A few days after the shooting, we invited all of our MSU students, faculty and staff to a time for engaging in conversation and processing what had happened. In order to keep it casual and welcoming, we included a communal meal.
We ate Jimmy John’s (they are college kids, after all) and hung out on couches. There was pain, frustration and sadness, but also a feeling of togetherness and a palpable hope that healing would one day come.
Two texts helped guide our ministry in the days following the shooting. More often than I’d like, I have used a stark word from the Gospel of John to minister to people in times of profound hurt: “Jesus wept” (John 11:35). We also took a cue from the book of Job, where it talks about Job’s three friends who “sat with him on the ground seven days and seven nights, and no one spoke a word to him, for they saw that his suffering was very great” (Job 2:13 NRSVUE).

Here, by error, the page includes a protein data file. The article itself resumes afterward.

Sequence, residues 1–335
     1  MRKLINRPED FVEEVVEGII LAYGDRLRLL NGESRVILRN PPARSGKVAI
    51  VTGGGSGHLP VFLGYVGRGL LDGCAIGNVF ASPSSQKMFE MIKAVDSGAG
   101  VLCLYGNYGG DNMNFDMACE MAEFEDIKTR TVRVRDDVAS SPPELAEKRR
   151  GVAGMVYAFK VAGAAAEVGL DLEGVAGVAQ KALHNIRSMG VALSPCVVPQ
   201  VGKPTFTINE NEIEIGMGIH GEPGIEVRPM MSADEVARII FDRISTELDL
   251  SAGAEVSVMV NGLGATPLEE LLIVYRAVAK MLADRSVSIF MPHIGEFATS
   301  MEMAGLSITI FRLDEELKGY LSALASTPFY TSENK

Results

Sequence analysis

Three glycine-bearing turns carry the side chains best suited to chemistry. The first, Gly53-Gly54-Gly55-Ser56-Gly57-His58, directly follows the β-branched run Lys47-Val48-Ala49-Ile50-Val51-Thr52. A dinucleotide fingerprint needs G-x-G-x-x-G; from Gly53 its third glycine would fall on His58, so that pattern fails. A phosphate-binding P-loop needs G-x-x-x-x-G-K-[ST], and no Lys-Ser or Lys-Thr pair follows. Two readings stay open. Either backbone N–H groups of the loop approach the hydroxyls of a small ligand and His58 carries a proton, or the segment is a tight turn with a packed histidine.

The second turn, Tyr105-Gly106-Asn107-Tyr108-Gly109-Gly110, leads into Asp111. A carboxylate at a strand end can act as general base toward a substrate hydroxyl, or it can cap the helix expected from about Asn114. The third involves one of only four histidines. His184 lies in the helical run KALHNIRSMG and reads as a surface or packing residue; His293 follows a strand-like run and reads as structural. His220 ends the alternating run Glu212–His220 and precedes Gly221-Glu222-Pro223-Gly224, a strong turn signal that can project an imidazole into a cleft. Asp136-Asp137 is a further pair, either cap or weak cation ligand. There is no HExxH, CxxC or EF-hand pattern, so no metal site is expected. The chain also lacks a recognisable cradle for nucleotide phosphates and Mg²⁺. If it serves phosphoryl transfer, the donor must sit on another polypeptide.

We wanted to listen and weep. We steered away from commenting on what had happened; I’ve found that times of acute crisis call for listening and being present, not speculating and explaining. Instead, we leaned heavily on Scripture, prayer and simply gathering to hurt together.
Our prayers emphasized the healing hope that we have in Jesus, our wounded Savior.
The morning after the shooting, I received a call from the CEO of Lutheran Church Charities. They wanted to know whether we could host several of their Comfort Dog Ministry teams — trained dogs and their handlers experienced in caring for communities after tragedy. We agreed.
And a few hours later, six golden retrievers from around the country descended upon us. As a result of their extensive training, these creatures were incredibly serene and gentle — just what one would want in a time of crisis such as this.